kitt price lectures in modern and contemporary literature at Queen Mary University of London. They are the author of Loving Faster than Light: Romance and Readers in Einstein’s Universe.

Objects of Research: The Material Turn in Nineteenth-Century Literary Studies

A Half Day Workshop

The Woburn Room, Senate House Library

Monday, 18th July, 1pm to 6pm

The Victorians’ fascination with objects and things has proved equally fascinating to the field of Victorian Studies. In keeping with this ‘material turn’, the last decade has seen an upsurge in interdisciplinary, collections-based research that enriches our understanding of Victorian Literature while expounding upon the diverse material culture of the period.

This workshop is a means of learning more about the nature and methodologies of current object-led research in Victorian Studies, as well as the broader issues surrounding this kind of research such as using online resources, locating materials, and searching collections. Bringing together researchers and curators who work across the nineteenth century, we will be asking questions about how to ‘read’ objects, how to situate such materials within a broader historical context, and how to construct narratives based on object-based research.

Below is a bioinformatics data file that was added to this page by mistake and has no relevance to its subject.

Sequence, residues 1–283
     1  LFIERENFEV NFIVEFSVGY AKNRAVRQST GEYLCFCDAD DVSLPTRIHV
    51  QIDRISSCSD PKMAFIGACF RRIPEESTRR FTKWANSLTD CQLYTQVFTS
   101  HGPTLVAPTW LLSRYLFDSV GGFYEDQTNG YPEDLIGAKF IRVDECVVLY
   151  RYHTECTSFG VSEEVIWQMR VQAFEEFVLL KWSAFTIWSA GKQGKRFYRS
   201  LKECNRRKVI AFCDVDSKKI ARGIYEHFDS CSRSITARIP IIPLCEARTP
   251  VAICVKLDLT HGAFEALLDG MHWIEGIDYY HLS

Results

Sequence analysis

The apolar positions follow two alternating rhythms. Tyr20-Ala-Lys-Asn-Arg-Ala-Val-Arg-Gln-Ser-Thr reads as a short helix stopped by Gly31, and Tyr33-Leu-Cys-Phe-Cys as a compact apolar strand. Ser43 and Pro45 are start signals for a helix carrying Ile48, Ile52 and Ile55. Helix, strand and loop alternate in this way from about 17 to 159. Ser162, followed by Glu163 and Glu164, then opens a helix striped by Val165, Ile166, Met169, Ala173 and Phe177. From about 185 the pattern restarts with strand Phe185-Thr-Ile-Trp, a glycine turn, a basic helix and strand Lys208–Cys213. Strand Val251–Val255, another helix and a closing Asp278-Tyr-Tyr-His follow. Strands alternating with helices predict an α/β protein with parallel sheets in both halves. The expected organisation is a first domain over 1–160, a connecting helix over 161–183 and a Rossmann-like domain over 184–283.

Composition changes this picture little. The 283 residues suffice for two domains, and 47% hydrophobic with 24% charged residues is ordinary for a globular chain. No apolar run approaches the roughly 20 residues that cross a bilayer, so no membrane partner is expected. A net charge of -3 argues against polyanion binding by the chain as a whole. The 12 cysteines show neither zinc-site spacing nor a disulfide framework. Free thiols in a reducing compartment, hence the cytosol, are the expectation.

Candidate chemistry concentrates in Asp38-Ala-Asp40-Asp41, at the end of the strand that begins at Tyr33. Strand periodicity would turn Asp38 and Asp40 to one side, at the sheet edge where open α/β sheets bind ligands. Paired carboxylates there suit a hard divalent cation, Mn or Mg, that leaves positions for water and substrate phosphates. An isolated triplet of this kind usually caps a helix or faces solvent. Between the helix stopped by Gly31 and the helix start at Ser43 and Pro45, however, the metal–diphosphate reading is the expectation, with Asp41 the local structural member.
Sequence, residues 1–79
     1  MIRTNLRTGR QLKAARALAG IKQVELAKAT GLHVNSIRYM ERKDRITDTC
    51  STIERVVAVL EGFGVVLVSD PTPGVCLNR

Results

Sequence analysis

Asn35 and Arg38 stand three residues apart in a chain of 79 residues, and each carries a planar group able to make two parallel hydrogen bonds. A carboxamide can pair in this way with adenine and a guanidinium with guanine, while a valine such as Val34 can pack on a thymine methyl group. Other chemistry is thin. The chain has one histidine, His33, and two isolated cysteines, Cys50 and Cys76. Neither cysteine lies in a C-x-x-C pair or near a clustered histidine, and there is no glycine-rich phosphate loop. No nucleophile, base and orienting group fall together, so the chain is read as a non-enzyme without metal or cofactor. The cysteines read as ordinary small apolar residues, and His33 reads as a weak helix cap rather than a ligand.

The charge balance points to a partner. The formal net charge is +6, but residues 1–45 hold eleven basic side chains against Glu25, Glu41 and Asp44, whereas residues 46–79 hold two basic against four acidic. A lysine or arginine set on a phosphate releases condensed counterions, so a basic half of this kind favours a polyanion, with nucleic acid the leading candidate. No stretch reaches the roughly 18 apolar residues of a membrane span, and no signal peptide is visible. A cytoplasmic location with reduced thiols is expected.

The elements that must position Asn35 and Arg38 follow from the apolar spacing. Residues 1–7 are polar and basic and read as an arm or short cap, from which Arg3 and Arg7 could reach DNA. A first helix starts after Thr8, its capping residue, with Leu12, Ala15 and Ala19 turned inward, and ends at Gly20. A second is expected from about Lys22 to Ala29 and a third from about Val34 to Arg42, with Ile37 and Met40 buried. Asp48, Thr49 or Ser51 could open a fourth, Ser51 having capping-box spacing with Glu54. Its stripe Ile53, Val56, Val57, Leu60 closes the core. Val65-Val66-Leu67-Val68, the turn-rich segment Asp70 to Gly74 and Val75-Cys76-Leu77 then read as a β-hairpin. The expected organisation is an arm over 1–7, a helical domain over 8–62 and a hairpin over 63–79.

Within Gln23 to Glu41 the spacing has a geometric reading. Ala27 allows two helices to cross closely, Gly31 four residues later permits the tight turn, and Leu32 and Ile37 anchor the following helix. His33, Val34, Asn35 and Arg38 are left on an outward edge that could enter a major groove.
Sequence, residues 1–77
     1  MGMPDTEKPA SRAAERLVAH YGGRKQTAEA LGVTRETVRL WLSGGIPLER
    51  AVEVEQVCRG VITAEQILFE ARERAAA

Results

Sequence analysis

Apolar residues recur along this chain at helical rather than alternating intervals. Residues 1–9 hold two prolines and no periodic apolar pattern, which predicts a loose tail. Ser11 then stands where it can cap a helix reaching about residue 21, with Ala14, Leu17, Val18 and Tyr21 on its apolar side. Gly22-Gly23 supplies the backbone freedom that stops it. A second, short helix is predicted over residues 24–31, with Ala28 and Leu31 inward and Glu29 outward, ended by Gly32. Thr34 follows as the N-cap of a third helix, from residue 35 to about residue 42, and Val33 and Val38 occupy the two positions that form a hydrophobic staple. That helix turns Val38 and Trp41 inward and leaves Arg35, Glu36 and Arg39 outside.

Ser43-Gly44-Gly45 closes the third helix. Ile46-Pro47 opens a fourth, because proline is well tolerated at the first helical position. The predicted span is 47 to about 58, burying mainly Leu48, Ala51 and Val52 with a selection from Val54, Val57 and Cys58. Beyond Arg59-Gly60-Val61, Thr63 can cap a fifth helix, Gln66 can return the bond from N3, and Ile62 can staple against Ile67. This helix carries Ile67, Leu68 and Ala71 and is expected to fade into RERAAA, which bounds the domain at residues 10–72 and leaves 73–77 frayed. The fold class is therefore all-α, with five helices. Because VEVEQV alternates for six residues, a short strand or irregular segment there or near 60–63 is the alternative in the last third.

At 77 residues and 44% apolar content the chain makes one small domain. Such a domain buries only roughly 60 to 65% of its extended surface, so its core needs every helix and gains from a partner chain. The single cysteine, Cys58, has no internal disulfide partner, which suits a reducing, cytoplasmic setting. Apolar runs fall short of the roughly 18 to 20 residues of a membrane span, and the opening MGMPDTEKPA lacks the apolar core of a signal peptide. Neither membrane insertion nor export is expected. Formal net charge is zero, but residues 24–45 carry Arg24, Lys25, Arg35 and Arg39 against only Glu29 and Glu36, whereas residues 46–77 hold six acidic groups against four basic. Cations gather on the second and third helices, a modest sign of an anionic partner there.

* Registration is free, but booking is essential as places are limited. *

Please register via this link.


1.00 – 1.10                  Arrival and Registration

1.10 – 1.20                  Welcome and Introduction

1.20 – 2.30                  Session One: Buildings and Bodies

Verity Burke (Reading) ‘Corpora: Articulating Literature and Anatomy in Collections-Based Research’

Nicola Kirkby (KCL) ‘Sketching, Engineering, Plotting: Brunel and Paddington Station’

Emma Curry (Birkbeck) ‘Mad Hats: Dickens’s Material Languages’

2.30-2.45                     Tea Break

2.45 – 4.00                  Session Two: Materialities of Writing and Reading

Hannah Field (Sussex) ‘The Destructible Book: Children’s Novelties and Materialized Readers’

Joanna Robinson (Surrey) ‘Performance and Digital Palimpsests’

Katherine Ford (Science Museum) ‘The archives of the Royal Society and Victorian literary culture’

4.00-5.00                     Session Three: Conversations with Curators

                                    Tim Boon (Science Museum)

                                    Edwina Ehrman (V&A)

Kristin Hussey (QMUL

5.00-6.00                     Wine Reception, Montague Room


The workshop will take place in the Woburn Room, Senate House Library, Malet Street, London WC1E 7HU. For a map and travel information, please click here.

For more information, please contact the organiser, Dr Melissa Dickson, at

Fashionable Diseases of Georgian Life: Literature, Medicine and Culture in the Eighteenth Century and Beyond